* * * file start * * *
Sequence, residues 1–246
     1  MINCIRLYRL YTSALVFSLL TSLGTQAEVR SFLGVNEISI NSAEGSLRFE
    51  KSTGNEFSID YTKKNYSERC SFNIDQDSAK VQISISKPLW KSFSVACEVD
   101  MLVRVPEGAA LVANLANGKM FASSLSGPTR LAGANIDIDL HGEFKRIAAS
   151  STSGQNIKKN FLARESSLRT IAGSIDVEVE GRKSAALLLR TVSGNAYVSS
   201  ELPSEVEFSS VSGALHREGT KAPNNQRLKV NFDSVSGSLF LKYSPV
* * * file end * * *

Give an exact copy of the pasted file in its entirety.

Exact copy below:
Sequence, residues 1–246
     1  MINCIRLYRL YTSALVFSLL TSLGTQAEVR SFLGVNEISI NSAEGSLRFE
    51  KSTGNEFSID YTKKNYSERC SFNIDQDSAK VQISISKPLW KSFSVACEVD
   101  MLVRVPEGAA LVANLANGKM FASSLSGPTR LAGANIDIDL HGEFKRIAAS
   151  STSGQNIKKN FLARESSLRT IAGSIDVEVE GRKSAALLLR TVSGNAYVSS
   201  ELPSEVEFSS VSGALHREGT KAPNNQRLKV NFDSVSGSLF LKYSPV